The following appeared as a preface to an edition of the Scottish Psalter (“The Psalms of David in meeter”) printed by Thomas Parkhurst in London in 1673 (also in 1688 and 1700, at least). Some spelling, capitalization, punctuation, and other conventions have been modernized.—Ed.
’Tis evident by the common experience of mankind, that love cannot lie idle in the soul. For every one hath his oblectation* and delight, his tastes and relishes are suitable to his constitution, and a man’s temper is more discovered by his solaces than by anything else. Carnal men delight in what is suited to the gust of the flesh, and spiritual men in the things of the Spirit. The promises of God’s holy covenant, which are to others as stale news or withered flowers, feed the pleasure of their minds; and the mysteries of our redemption by Christ are their hearts’ delight and comfort. But as joy must have a proper object, so also a vent: for this is an affection that cannot be penned up: the usual issue and out-going of it is by singing. Profane spirits must have songs suitable to their mirth; as their mirth is carnal, so their songs are vain and frothy, if not filthy and obscene; but they that rejoice in the Lord, their mirth runneth in a spiritual channel: “Is any merry? let him sing psalms,” saith the apostle (Jas. 5:13); and, “Thy statutes have been my songs in the house of my pilgrimage,” saith holy David (Ps. 119:54).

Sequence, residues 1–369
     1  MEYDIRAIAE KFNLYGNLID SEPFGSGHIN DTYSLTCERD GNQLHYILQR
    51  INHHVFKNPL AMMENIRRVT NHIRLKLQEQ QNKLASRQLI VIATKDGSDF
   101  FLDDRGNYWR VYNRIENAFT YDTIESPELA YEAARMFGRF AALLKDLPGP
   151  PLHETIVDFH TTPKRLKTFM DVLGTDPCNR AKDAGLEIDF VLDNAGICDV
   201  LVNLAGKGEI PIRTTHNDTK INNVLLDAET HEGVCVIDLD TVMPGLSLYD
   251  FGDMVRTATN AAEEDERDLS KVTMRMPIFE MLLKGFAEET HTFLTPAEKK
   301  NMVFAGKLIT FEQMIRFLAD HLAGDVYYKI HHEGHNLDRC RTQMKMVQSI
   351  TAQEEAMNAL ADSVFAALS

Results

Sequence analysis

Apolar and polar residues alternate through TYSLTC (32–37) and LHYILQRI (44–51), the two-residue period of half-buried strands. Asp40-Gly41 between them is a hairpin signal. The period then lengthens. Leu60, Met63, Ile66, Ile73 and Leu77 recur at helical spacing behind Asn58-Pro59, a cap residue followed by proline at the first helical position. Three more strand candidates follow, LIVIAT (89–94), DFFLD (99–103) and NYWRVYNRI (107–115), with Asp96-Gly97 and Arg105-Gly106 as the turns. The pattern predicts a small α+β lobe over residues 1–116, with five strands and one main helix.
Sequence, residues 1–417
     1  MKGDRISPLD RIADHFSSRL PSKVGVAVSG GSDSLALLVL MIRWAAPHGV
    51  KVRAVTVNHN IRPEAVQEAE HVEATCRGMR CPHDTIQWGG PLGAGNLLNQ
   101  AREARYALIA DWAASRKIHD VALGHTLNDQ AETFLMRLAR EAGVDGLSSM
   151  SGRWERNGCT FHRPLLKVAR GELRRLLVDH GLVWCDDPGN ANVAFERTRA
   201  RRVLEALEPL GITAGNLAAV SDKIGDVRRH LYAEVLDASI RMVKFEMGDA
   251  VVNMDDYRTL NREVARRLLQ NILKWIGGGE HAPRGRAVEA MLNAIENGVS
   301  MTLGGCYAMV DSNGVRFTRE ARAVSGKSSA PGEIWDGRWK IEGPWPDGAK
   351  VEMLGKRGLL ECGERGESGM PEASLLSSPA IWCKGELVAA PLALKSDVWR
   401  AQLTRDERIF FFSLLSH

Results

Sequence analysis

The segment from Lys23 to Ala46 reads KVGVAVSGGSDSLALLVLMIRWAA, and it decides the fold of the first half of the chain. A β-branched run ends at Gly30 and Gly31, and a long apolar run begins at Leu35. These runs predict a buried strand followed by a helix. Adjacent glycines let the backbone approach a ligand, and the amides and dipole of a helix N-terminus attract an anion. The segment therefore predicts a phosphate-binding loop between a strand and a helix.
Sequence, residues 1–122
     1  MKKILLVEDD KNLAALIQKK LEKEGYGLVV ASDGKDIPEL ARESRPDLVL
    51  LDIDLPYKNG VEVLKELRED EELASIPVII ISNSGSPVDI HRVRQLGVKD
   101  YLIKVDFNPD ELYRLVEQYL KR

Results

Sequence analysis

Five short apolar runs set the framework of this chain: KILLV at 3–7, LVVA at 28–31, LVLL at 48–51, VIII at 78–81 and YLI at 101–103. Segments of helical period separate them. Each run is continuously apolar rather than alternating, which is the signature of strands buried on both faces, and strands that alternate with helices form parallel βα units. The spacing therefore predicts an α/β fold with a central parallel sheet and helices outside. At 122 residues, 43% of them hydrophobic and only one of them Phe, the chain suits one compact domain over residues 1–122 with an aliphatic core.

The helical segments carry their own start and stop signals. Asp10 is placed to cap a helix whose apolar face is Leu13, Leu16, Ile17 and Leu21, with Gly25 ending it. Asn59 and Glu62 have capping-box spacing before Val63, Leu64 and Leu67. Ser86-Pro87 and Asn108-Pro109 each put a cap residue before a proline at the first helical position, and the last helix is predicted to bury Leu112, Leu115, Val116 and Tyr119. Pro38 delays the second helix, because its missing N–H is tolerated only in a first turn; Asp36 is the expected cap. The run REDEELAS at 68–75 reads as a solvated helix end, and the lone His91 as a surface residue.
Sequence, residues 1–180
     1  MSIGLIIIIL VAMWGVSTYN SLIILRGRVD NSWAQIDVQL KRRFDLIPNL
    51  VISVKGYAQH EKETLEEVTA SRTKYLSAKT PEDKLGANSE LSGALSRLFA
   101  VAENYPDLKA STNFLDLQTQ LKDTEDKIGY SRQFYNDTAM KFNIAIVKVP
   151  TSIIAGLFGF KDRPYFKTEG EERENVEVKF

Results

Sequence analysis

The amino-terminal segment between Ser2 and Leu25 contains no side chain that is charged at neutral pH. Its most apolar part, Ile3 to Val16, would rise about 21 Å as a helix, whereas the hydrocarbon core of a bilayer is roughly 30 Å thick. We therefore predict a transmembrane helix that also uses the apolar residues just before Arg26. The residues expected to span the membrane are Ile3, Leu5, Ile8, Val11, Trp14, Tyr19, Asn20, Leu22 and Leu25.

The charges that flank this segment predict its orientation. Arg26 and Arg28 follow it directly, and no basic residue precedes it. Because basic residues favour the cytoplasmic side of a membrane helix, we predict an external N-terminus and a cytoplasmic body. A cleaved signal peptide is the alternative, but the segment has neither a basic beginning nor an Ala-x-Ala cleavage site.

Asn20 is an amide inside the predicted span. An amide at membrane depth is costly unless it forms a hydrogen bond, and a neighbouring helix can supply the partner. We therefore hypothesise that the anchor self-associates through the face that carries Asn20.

Surely singing, ’tis is a delectable way of instruction, as common prudence will teach us. Aelian telleth us that the Cretians enjoined their children, τοὺς παῖδας τοὺς ἐλευθέρους μανθάνειν τοὺς νόμους ἐκέλευον μετά τινος μελῳδὶας, to learn their laws by singing them in verse.† And surely singing of Psalms is a duty of such comfort and profit, that it needeth not our recommendation. The new nature is instead of all arguments, which cannot be without thy spiritual solace. Now though spiritual songs of mere humane composure may have their use, yet our devotion is best secured, where the matter and words are of immediately divine inspiration; and to us David’s Psalms seem plainly intended by those terms of “psalms and hymns and spiritual songs,” which the apostle useth (Eph. 5:19; Col. 3:16). But then ’tis meet that these divine composures should be represented to us in a fit translation, lest we want David, in David; while his holy ecstasies are delivered in a flat and bald expression. The translation which is now put into thy hands cometh nearest to the original of any that we have seen, and runneth with such a fluent sweetness, that we thought fit to recommend it to thy Christian acceptance; some of us having used it already, with great comfort and satisfaction.
Thomas Manton, D.D.
Henry Langley, D.D.
John Owen, D.D.
* oblectation: The act of pleasing highly; delight (Webster’s 1828 Dictionary); Delight, pleasure, enjoyment; an instance of this (OED).—Ed.
† Claudius Aelianus (c. 175 – c. 235), Variae Historiae, lib. 2, cap. 39.